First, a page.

The First Round-Up
Expansively planning a camping trip "for a week, maybe two weeks," the older Our Gang kids refuse to allow little Spanky McFarland and Scotty Beckett tag along. But when the kids reach their predetermined campsite, they find that Spanky and Scotty have already arrived. Even more embarrassing, the two younger kids seem to be a lot more prepared for the camping expedition --- and a lot less scared of the dark. A winning combination of character-driven humor, slapstick, thrills, and a sturdy plotline, the "Our Gang" comedy The First Round-Up was originally released on May 5, 1934. ~ Hal Erickson, Rovi

The Kid From Borneo
In this classic "Our Gang" comedy, Dickie Moore, Spanky McFarland and Dorothy DeBorba play siblings who, through a misunderstanding, become convinced that the local carnival's "Wild Man of Borneo" is really their prodigal Uncle George. Though basically harmless, the Wild Man really goes wild when he's hungry for candy. Shouting "Yum, yum! Eat 'em up," the Wild Man sparks a hectic chase that doesn't let up until the "End" title. Best scene: little Spanky prodding the Wild Man into eating the entire contents of the family refrigerator. Originally released on April 15, 1933, "The Kid From Borneo" has been withdrawn from the "Little Rascals" TV package due to its allegedly offensive "racist" content; even so, it remains a favorite on the home-video market. ~ Hal Erickson, Rovi

Wild Poses
It is time for Spanky McFarland and his family to have a group portrait taken, and prissy photographer Otto Phocus is the man for the job. At least, that's what Otto thinks, before he's worn to a frazzle trying to coax a smile out of the taciturn Spanky. Meanwhile, the rest of the Our Gang kids inadvertently lay waste to Mr. Phocus' developing room. Originally released on October 28, 1933, "Wild Poses" benefits from a strong adult cast: Franklin Pangborn as the persnickety Otto Phocus, the Burns-and-Allen clones Emerson Treacy and Gay Seabrook as Spanky's parents ---and even a surprise guest appearance by Stan Laurel and Oliver Hardy! ~ Hal Erickson, Rovi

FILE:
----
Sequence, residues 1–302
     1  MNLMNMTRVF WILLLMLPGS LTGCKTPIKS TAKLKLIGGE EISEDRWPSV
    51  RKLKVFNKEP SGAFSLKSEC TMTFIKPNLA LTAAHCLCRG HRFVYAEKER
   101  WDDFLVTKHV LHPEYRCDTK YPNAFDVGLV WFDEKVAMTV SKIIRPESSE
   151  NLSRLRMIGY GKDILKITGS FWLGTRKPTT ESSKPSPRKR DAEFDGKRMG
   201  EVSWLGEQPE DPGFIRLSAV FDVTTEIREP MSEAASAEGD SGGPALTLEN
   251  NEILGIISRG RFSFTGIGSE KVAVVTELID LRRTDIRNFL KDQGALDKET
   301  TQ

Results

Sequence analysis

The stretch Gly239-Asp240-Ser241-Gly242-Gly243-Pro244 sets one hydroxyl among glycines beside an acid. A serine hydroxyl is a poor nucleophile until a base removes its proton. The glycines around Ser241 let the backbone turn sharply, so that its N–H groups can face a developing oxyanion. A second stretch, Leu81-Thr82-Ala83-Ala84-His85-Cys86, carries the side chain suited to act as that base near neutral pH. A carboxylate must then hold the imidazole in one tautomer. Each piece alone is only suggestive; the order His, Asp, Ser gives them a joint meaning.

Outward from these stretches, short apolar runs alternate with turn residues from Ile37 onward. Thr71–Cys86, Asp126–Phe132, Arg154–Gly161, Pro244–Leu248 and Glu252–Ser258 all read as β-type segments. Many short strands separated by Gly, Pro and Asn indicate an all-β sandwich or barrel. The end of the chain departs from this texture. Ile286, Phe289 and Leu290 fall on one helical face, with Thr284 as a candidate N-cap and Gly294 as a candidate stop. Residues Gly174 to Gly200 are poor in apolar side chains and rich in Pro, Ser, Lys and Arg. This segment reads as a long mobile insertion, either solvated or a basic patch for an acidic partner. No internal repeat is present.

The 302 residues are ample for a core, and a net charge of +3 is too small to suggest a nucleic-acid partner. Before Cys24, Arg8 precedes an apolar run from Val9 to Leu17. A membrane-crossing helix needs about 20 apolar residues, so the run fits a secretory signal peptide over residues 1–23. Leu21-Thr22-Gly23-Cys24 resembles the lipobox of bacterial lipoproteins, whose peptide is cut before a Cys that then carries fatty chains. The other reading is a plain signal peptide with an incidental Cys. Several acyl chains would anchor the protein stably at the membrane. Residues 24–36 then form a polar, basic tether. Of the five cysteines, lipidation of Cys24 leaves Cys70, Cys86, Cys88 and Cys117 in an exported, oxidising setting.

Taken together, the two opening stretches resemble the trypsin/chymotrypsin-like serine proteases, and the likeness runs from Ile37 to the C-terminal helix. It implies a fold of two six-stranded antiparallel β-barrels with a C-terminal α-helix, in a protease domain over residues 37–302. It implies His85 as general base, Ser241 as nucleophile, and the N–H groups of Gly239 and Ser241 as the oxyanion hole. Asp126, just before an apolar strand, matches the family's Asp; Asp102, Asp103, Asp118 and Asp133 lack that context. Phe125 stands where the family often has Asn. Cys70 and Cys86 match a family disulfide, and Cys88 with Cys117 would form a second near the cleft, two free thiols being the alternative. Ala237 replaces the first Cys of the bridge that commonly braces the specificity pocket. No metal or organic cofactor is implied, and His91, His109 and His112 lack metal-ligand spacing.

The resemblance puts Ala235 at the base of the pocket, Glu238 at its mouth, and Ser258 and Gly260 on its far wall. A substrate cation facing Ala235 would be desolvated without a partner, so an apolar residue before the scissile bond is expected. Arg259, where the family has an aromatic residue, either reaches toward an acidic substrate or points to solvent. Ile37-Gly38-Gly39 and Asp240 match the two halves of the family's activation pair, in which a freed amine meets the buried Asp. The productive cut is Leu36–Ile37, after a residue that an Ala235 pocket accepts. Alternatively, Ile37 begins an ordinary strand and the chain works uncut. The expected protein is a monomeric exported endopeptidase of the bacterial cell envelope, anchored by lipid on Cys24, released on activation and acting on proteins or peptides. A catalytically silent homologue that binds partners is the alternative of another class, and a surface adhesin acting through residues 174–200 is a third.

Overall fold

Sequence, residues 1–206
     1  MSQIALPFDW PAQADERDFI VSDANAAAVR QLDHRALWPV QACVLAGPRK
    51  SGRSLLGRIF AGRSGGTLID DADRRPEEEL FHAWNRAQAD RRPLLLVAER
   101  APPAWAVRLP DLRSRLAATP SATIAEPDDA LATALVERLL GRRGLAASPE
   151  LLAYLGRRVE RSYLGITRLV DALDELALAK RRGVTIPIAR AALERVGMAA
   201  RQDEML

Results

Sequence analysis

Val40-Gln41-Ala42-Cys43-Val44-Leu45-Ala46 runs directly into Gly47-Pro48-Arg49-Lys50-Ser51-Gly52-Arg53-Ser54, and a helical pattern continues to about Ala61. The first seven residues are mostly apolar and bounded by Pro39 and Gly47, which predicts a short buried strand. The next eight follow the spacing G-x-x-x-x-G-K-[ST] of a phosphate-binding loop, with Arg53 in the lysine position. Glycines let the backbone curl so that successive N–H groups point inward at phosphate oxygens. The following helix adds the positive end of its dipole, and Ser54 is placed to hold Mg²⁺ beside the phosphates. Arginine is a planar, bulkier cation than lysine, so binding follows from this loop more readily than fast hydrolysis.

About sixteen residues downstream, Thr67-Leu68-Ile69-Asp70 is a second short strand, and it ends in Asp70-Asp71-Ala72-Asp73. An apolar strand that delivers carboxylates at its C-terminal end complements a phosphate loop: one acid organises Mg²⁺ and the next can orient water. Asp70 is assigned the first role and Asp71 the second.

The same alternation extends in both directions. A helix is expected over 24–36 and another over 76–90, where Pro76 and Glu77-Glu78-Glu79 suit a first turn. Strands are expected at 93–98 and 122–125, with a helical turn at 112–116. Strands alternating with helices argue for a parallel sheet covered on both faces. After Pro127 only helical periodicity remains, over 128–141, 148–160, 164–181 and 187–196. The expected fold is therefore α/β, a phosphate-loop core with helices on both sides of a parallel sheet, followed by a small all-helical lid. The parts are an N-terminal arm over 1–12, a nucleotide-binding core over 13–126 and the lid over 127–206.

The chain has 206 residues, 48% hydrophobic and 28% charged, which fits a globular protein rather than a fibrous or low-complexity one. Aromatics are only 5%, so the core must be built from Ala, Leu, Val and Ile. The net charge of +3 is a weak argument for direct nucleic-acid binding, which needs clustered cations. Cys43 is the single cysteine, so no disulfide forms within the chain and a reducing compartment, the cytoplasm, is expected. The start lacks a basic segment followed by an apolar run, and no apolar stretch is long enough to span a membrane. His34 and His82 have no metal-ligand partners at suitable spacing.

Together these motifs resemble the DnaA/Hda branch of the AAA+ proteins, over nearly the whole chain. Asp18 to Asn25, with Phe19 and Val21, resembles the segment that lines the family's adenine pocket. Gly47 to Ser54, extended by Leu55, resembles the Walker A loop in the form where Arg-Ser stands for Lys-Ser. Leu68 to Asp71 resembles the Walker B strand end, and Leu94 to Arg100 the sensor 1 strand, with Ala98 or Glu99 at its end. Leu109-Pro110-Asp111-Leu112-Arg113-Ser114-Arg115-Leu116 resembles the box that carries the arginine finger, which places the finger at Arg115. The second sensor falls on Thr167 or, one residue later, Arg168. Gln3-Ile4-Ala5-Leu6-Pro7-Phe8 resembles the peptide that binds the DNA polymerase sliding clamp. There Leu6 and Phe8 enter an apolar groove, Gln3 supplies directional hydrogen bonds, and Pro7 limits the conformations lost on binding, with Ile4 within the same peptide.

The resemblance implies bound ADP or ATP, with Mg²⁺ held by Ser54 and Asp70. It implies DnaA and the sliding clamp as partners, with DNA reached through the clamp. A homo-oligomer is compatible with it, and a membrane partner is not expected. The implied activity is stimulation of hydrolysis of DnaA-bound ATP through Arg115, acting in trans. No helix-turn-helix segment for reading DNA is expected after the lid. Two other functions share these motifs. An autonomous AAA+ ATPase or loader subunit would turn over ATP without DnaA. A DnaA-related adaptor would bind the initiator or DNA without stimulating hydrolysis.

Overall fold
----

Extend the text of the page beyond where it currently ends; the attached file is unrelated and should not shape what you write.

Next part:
Bedtime Worries
Originally released on September 9, 1933, "Bedtime Worries" was the first of two "Our Gang" comedies in which the vaudeville team of Emerson Treacy and Gay Seabrook (a second-echelon Burns and Allen) were cast as the parents of little Spanky McFarland. On the day he is promoted to head clerk (or "head cluck," as Spanky puts it), Treacy declares that it is high time Spanky stopped sleeping in his parents' room and go to bed in his own room. During his first night alone, Spanky envisions all sorts of imaginary horrors, from a bat (actually a moth) to "the boogeyman." Thus, when a burglar (Harry Bernard) climbs into Spanky's window, the boy's dozing parents fail to believe his story. Passing himself off as Santa Claus, the burglar steals everything that isn't nailed down until the rest of the Our Gang kids come to the rescue. A quote from Mae West caps this delightful two-reeler. ~ Hal Erickson, Rovi

Hi'-Neighbor!
When wealthy young Jerry Tucker moves into town, the Our Gang kids line up to greet him. Alas, Jerry is a snobbish sort, though he immediately turns on the charm when he meets little Jane (Jackie Taylor), the erstwhile girlfriend of Wally Albright. Worried that Jane's head will be turned by Jerry's shiny new toy fire engine, Wally and the Gang build a fire truck of their own --- an impressive effort, constructed from virtually every piece of scrap metal and every stray wheel in the neighborhood. The story comes to a riotous conclusion when Jerry and the Gang race their respective fire engines down one of those very steep hills that one finds only in two-reel comedies. Originally released on March 3, 1934, "Hi'-Neighbor!" was the first of many top-rank "Our Gang" films directed by Gus Meins. ~ Hal Erickson, Rovi